written by Nick Hopton
There’s nothing like Philadelphia music.
The passion, the drive, the soul… the bands.
It’s our blue-collar atmosphere and style of music that sets us apart from many other markets. It’s about busting your ass to make something of yourself. Literal blood, sweat, and tears. The beautiful thing about this though is that you can feel every step of the journey come out in the songs created here. You can follow bands from the bottom as they rise to the top. This past weekend was a perfect example of that. Foxtrot & The Get Down decided to throw an old school, hometown party at The Foundry inside of The Fillmore….and brought along their friends in Saint Slumber and PHNTMS to help kick it off.
I grabbed a cocktail, got my spot on the rail, and strapped in.
Up first: PHNTMS.
I’m not exaggerating when I say this band is destined for great things. Take Fiona Apple…and stick her in the front of This Is War era 30 Seconds To Mars, with The Edge from U2 on guitar. Absolutely biblical tunes. The lead singer, Alyssa Gambino, has this beautiful, haunting way about her. Her range is incredible, and it seems as though she does it with complete ease. Never once hitting a wrong note or seeming to strain. It’s pure vocal mastery. I was blown away, to be honest. It’s not very often the first band of the night leaves you in awe, but they did just that to me.
Adam Jessamine is silky smooth on that guitar too. Tight, crisp… perfection. The scary thing when using so much delay on guitar as Adam does, especially live, is that if you hit ONE wrong note, the entire song can derail like a train wreck. It never happened. This dude is good. Really good.
But we can’t forget about the foundation of the band, guitarist Mikal Smith and drummer Beth Murphy. The glue that holds the entire act together. Just flawless. It’s hard to put together a perfect lineup, and I believe PHNTMS has done it. They ooze that new Philadelphia alternative-soul. They are the real deal. Mesmerizing for the entirety of their set. I couldn’t take my eyes off the stage, and neither could the crowd. So keep your eyes and ears open…you’re going to hear A LOT from them very soon.
Set change. I grab a quick smoke, and head back in for another gin, and get set for the next band, Saint Slumber. I bump into another friend… up and coming rocker… New York City’s own Micky James. It’s always great to see the support from other artists at gigs such as these, and it also shows how big this gig actually was. We chat for a few minutes, discussing life, the future, and a bit of rock and roll. I’ll sit down with Micky sometime soon for a conversation…but remember that name, and get ready for what he’s about to bring to the table.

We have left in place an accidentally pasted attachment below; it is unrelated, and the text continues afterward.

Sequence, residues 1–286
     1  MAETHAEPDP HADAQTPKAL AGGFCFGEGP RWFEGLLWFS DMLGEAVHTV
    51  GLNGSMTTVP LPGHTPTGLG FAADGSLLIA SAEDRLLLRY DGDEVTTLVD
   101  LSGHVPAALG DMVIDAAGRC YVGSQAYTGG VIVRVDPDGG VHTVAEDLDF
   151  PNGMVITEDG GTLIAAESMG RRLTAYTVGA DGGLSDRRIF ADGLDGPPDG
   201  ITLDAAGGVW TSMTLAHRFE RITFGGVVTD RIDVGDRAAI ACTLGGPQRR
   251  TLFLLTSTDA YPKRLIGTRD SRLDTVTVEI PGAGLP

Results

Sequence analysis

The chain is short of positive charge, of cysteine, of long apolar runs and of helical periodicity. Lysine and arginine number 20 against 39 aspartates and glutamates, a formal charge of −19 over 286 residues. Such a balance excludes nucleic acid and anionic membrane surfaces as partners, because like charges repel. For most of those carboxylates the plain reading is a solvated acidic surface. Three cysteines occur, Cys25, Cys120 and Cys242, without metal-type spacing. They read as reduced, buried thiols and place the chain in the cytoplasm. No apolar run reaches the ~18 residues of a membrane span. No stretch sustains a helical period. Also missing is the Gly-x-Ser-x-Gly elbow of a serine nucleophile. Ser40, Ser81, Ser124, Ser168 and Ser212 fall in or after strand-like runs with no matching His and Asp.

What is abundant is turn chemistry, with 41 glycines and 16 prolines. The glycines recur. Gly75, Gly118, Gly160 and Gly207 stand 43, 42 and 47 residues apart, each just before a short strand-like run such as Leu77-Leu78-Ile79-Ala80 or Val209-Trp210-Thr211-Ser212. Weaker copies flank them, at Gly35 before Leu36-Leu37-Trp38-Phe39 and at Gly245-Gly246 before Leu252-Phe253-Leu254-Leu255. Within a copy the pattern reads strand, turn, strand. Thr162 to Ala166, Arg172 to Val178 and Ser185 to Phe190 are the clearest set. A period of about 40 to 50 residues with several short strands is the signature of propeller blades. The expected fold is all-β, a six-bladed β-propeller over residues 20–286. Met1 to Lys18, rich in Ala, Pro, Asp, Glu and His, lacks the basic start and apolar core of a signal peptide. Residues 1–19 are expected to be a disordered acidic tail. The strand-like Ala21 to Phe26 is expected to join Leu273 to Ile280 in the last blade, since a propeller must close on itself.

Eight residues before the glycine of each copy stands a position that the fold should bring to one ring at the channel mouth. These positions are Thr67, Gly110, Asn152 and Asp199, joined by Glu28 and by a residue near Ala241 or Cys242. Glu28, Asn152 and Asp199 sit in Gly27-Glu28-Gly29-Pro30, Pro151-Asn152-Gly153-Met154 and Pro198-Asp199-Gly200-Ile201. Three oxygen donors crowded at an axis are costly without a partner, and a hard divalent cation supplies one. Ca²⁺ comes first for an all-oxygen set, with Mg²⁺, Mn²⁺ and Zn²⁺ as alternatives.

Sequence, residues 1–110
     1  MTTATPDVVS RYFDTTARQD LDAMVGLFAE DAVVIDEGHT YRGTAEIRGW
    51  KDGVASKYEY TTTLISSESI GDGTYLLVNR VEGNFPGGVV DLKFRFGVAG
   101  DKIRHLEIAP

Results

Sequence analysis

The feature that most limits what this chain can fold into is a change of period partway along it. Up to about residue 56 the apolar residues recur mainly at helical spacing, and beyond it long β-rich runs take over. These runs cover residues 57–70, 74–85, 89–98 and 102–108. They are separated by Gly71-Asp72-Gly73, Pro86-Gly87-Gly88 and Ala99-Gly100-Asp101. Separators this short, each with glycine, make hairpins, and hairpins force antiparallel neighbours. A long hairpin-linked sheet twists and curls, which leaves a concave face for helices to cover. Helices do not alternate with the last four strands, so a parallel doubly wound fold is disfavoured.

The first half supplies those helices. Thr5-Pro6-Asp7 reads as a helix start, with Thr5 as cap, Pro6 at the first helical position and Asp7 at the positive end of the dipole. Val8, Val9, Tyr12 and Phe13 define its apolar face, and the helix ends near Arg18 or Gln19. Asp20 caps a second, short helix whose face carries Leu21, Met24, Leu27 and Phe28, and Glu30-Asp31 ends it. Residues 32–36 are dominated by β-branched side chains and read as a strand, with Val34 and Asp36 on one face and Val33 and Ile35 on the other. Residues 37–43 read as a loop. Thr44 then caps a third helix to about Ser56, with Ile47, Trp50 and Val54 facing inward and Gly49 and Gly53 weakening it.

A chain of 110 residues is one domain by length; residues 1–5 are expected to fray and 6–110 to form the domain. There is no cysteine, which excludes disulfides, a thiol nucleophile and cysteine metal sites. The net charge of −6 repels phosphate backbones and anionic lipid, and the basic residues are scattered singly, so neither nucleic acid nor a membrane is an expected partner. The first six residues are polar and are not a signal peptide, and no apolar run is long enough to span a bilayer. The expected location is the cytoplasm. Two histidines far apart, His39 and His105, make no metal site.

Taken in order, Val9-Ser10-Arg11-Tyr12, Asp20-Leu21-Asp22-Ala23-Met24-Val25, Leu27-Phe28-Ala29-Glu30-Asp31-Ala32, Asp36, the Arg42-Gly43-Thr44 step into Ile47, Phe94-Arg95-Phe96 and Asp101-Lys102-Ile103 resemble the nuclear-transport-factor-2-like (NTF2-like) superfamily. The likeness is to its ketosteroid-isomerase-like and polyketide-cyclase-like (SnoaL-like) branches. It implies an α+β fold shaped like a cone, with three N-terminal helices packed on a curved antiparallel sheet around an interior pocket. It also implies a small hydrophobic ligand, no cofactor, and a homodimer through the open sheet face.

Saint Slumber, a post-pop 3-piece outfit hailing from the Philly/NYC area, shot out on the stage like a goddamn cannon. Vocalist Josh Perna has that “it” factor. He knows how to work the crowd, constantly and consistently getting the crowd to clap and stomp along to each song. Guitarist Aaron Brown, the main melody machine of the band, carries them through with spot-on guitar licks. Never missing a step, always on point. But the star of the night was drummer Matt Carpenter. This night was about him, as this would be his final show with Saint Slumber. The audience found out about this early on, so I keyed in on watching him play.
Goodbyes are the hardest, but goddamn if you don’t play your ass off knowing it’s the last time. And that’s exactly what Matt did. The intensity, the focus, the fun… Matt was on fire. And rightfully so. That’s how you go out… exactly as he did. The band itself carries a vibe similar to early Imagine Dragons, especially with the extra drum on stage for Josh to smash away on, but they keep it original. No signs of imitation or stealing. Watching them on stage though, even with this big sound, they have this working-class vibe that the two cities are known for. It goes a long way, as connecting with them and their message is that much easier knowing that they’re one of us.